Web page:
It looks like you're using an Ad Blocker.
Please white-list or disable AboveTopSecret.com in your ad-blocking tool.
Some features of ATS will be disabled while you continue to use an ad-blocker.
originally posted by: semperfortis
Is it the fact he has an opinion that you have a problem with?
Or is it that he had the audacity to express his opinion you have difficulty accepting?
We are all allowed our opinion, even Robertson last I checked.
originally posted by: Blaine91555
Robertson has maybe a million followers and there are 2.2 billion Christians.
No conspiracy, just his opinion on it. Nothing to talk about really and I doubt it has much at all to do with nearly all Christians.
Love him or hate him—the latter of which is now a trope among culturally savvy evangelicals—Pat Robertson is one of the most influential leaders in 20th-century evangelicalism, founding the Christian Broadcasting Network, Regent University, the American Center for Law and Justice, and, most controversially, the Christian Coalition in 1989. The coalition’s close alignment with the Republican Party made it the target of several Federal Election Commission lawsuits in the ’90s, and it has since lost influence among Christians suspicious of partisan politics. Meanwhile, Robertson continues to make headlines by pontificating on everything from marijuana to Israel to September 11 to the end of the world.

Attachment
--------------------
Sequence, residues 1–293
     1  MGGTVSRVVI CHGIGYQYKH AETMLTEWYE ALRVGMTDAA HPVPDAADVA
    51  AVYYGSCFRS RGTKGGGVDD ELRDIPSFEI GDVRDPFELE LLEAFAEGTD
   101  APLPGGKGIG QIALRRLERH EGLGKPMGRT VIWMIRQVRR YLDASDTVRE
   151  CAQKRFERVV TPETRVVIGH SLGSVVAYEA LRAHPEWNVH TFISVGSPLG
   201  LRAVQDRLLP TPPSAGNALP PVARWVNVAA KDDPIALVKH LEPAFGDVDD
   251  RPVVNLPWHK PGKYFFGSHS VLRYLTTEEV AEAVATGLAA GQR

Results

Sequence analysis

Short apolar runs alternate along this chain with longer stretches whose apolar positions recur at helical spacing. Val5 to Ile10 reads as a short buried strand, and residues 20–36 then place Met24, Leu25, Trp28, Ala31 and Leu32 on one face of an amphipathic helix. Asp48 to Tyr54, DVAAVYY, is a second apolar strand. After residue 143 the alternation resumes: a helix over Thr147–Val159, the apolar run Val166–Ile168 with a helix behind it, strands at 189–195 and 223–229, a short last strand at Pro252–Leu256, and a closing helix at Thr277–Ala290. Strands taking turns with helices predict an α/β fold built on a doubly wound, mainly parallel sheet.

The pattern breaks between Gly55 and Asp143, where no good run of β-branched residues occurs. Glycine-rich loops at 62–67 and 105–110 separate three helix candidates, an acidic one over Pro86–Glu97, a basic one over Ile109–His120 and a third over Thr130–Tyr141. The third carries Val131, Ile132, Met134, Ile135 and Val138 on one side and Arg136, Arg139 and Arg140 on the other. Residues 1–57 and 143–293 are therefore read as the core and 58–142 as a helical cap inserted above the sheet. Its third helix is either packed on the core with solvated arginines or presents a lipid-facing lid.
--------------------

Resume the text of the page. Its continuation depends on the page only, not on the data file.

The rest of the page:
Like the late Jerry Falwell, Robertson was a pioneer in the use of television to build a Christian ministry, and Robertson joined Falwell and other televangelists who teamed up in the late 1970s to create the Religious Right political movement. Falwell was a fundamentalist Baptist and Robertson a charismatic Pentecostal, but they found common ground in promoting a sustained, religion-based attack on separation of church and state, feminism, gay rights, unions, and other enemies of the right-wing political strategists, like Paul Weyrich, who recruited them into politics.
Robertson actually ran for the Republican presidential nomination in 1988. He didn't get very far as a candidate, but he built a huge list of supporters. Political operative Ralph Reed turned that list into the Christian Coalition, which at the beginning of the 1990s set itself the goal of taking working control of the Republican Party.
Source - Theocracy Watch
Before he died in 2001, the founder of Christian Reconstuctionism, R. J. Rushdoony, appeared several times on Christian Right televangelist programs such as Pat Robertson's 700 Club and the program hosted by D. James Kennedy, writes Martin.
"Pat Robertson makes frequent use of 'dominion' language" says Martin, "his book, The Secret Kingdom, has often been cited for its theonomy elements; and pluralists were made uncomfortable when, during his presidential campaign, he said he 'would only bring Christians and Jews into the government,' as well as when he later wrote, 'There will never be world peace until God's house and God's people are given their rightful place of leadership at the top of the world.' "
originally posted by: CharlieSpeirs
I heard recently from a "Christian" on ATS that if there is a war on Christmas there should be a war on Halloween...
And they had a few stars too.
It was in the Fox war on Christmas thread.
So obviously some people here agreed.